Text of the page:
Ace Mat Latos (14-9) will take the mound Sunday for San Diego against Jonathan Sanchez (12-9), who is 2-5 lifetime versus the Padres but also threw a no-hitter against them last year.

In August, Sanchez guaranteed a three-game sweep of the Padres but San Francisco dropped two of three.

“We’re going to play San Diego, and we’re going to beat them three times,” Sanchez told The San Francisco Chronicle.  “If we get to first place, we’re not going to look back.”

Last week it was Mat Latos’ comments that made headlines and provided bulletin board material, when he criticized the rival Giants for their in-season offensive overhaul, accomplished largely by picking up second-hand goods from non-contending teams.

“Baseball works in funny ways,” Latos told “The only way I could honestly put it is, we could be like the Giants and go and change our whole lineup, put guys with ‘San Francisco Giants’ across their jerseys. We didn’t.

“We added two guys Miguel Tejada and Ryan Ludwick. We’ve been the same team all year. We haven’t just gone and grabbed guys from other teams.”

The Padres have won 7 of 8 in San Francisco this year.  With a win Sunday, the Padres will be playing beyond the end of the regular season.


Possible Playoff Scenarios:

–If the Giants win, they take the NL West crown.

–If the Padres win and the Braves lose, the Padres and Giants would tie for the NL West title, but the Padres would get the NL West’s top seed in the playoffs (13-5 head-to-head record vs. SF), and the Giants would be the wild card. The Padres would also have the home-field advantage in the first round of the playoffs against the Cinicinnati Reds because the Padres won their season series 4-2.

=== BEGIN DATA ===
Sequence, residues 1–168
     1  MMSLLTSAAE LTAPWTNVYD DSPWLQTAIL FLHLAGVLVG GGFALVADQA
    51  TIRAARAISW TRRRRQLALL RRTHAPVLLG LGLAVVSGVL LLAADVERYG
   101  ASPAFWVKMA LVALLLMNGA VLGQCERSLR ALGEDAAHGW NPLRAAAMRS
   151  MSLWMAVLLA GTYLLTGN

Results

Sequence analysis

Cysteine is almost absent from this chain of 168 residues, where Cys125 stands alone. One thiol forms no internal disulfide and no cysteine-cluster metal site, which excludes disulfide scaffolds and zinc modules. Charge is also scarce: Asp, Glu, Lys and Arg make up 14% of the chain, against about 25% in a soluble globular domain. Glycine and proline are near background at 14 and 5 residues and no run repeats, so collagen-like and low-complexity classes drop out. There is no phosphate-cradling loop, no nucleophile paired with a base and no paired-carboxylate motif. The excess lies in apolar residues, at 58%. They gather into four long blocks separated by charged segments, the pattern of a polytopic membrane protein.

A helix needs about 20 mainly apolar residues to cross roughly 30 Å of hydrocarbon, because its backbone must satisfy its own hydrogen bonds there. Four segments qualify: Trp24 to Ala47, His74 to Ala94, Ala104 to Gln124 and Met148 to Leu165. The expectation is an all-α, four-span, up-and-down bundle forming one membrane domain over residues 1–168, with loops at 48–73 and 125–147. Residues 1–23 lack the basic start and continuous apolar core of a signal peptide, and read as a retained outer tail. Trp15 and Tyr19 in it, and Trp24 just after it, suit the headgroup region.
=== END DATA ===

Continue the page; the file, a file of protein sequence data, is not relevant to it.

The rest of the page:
–If the Giants win and the Braves win, Atlanta would take the wild card and San Diego’s season would be over.

–If the Padres and the Braves both lose, San Diego would travel to Atlanta for a one-game playoff Monday to determine the NL wild-card winner.

–And the most complicated scenario of all: If the Padres and Braves both win, meaning all three teams end the season with the same record, the Padres and Giants would battle it out in San Diego on Monday for the NL West title. The loser would then travel to Atlanta for a game Tuesday to determine the wild-card winner.

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Every Four Years: San Diego Padres 2B David Eckstein’s Time To Win World Series

What do you think of when you read or hear “Every Four Years?” The Presidential elections?  The Olympics?  World Cup Soccer?

Nope, not if you are a fan of the San Diego Padres‘ infielder David Eckstein.

“Every Four Years” means David Eckstein wins a World Series.

In 2002, the biggest little man in major league baseball helped lead the then-Anaheim Angels to a World Series championship over the San Francisco Giants. The 5’7″, 175 lb. Eckstein led the majors with three grand slams that season.

In 2006, Eckstein was named World Series MVP for the champion St. Louis Cardinals.  Following a 1-for-11 start at the plate in the first two games of the World Series, Eckstein finished 8-for-22 with four RBI and scored three runs.

The World Series victory with the Cardinals placed Eckstein in elite company as one of few starting shortstops who have won a World Series in both the American and National Leagues.

Flash forward to 2010. It just so happens to be four years since Eckstein’s last World Series title, and the Padres are in the midst of an NL West pennant race.

As Dick Enberg put it in last Wednesday’s broadcast against the Los Angeles Dodgers, Adrian Gonzalez has been the Friars’ Most Valuable Player, but Eckstein has been the team’s most clutch player, while also mentoring younger players with his outstanding work ethic and hustle on each and every play.